It seems a little weird to call Leslie Feist an elder stateswoman of anything -- she's 35, this is her fourth full-length -- but for a second, let's just say she is, and let's call her sphere of influence iRock. Before her, we had Elliott Smith and Cat Power: tormented, uncomfortably intimate, awesome, not particularly mainstream. After her came St. Vincent, A Fine Frenzy, Adele, Lykke Li, Yael Naim, and Florence and the Machine, who were frequently, unfortunately, described as "chanteuses"; they also enjoyed varying levels of success, ranging from insider critical acclaim to colossal commercial validation. With a little help from Steve Jobs and Elmo, Feist helped blur the line between indie rock and pop, DIY songstress and gussied-up diva, bedroom hush and Coachella roar.
Is any of this bad? Of course not. Breezy pop is wonderful; Grey's Anatomy is a fine show. Feist's breakout, 2007's The Reminder, remains both a very lovely album and a bellwether -- the Nevermind of iRock. The only bummer now would be if a certain elder stateswoman returned to the house she helped build (shooing away the raccoons who've since moved in) and became caught between two worlds -- the clever, confident pop she's known for and something graver, darker, more serious -- and didn't comfortably inhabit either. Indeed, that could bum a few folks out.
But that's not what happens here. The refreshing new Feist record, Metals, opens like a processional: drums thump, guitars ring out, and she belts the album's first, definitive line -- "'Speak plain,' he said." And that's before the horns arrive, the strings, the backing vocals -- it's exactly like the beginning of The Lion King (sort of). That initial thrill persists through "Graveyard," a slow-building tune featuring the album's best hook, stridently sung by a multitracked chorus of Feists: "Wooahhh / Bring them all back to life."
"Caught a Long Wind" is a smoky, understated nod to Lena Horne, "A Commotion" is a careering wink to TV on the Radio, complete with a bunch of dudes discordantly chanting in the middle. "The Undiscovered First" mines a similar vein: tempestuous, capering. Sweetly soporific jams abound here, from "Bittersweet Melodies" to the brazenly Iron & Wine-y "Cicadas and Gulls."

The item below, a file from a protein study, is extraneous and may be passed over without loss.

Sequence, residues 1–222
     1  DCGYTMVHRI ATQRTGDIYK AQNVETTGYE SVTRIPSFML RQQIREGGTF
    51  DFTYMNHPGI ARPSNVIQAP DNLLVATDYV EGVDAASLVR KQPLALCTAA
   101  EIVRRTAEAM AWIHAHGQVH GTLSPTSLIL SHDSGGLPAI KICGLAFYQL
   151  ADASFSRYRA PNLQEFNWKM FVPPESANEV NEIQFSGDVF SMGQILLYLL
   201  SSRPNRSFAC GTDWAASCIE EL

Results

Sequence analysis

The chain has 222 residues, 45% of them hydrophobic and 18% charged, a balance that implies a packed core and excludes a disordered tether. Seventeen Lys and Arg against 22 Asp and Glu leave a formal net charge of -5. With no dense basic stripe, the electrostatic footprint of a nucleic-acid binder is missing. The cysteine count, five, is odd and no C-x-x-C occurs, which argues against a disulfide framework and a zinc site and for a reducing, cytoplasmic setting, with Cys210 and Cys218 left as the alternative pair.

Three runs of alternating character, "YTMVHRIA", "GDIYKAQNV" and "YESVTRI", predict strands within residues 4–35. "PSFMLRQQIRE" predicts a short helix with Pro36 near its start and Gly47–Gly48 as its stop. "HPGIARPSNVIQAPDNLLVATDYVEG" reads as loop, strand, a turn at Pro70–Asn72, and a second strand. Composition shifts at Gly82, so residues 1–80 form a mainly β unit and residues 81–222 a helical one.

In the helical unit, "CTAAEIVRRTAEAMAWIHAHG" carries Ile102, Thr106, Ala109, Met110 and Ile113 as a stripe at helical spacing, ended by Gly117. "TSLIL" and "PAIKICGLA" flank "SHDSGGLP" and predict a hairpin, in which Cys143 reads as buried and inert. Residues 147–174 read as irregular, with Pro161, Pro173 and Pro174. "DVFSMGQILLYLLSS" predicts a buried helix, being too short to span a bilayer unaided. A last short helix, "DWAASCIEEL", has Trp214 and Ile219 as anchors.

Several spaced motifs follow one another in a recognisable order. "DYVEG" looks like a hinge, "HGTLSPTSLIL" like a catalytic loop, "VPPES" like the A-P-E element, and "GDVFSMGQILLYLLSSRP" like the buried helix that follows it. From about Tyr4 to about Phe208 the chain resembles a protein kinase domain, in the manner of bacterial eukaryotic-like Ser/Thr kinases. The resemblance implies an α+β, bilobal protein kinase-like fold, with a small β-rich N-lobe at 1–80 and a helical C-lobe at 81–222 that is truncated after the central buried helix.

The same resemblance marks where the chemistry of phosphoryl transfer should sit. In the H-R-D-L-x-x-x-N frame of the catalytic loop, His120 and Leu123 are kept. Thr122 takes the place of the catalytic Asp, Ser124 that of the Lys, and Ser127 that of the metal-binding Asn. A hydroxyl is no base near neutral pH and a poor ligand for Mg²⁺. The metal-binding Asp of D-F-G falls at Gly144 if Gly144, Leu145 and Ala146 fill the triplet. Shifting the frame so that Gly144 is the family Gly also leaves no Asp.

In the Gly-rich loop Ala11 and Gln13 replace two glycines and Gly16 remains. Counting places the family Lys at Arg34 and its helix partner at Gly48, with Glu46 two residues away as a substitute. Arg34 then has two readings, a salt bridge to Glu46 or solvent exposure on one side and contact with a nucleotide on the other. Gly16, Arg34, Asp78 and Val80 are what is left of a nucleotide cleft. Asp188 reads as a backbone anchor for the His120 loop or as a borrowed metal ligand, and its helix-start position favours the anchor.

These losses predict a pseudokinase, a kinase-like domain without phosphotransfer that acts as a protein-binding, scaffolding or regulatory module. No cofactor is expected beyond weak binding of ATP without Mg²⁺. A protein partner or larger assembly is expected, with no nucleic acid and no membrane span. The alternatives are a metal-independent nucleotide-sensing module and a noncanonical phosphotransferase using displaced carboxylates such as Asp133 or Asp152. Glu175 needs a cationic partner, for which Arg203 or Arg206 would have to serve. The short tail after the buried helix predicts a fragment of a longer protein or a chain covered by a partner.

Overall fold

Taken individually, each song is as sturdy as oak -- the guitars have a magnesium shimmer, and every instrument seems bathed in its own spotlight, especially Feist's vocals, which feel like they're being whispered directly into your ear (admit it: you'd buy an album called Feist Blows Out Birthday Candles). The production is so refined the album occasionally creaks, which is not to imply it sounds old-timey, but simply that there's a craftsman's attention to detail.
And yet Metals lacks a certain cohesive magic, despite being recorded in Big Sur by Feist's usual coterie (Mocky, Chilly Gonzales). Even with its sonic detours -- the slightly nutty percussion, a lot of general yelling -- the record feels a bit monochromatic, like a just-fun-enough surrey ride whose background keeps repeating.
That's a shame. Leslie Feist herself is so wonderfully, yes, plainspoken that you really root for her, especially now that the market's saturated with chanteuses (sorry) who have clearly studied her playbook: misty crooning, light-on-your-feet phrasing. But Metals' lyrical sentiments never go for simply soothing, like this epitaph: "When you comfort me / It doesn't bring me comfort, actually." Those new voices could learn a thing or two from Feist's balance of nuance and forthrightness, even if Metals isn't the keenest example of that alchemy.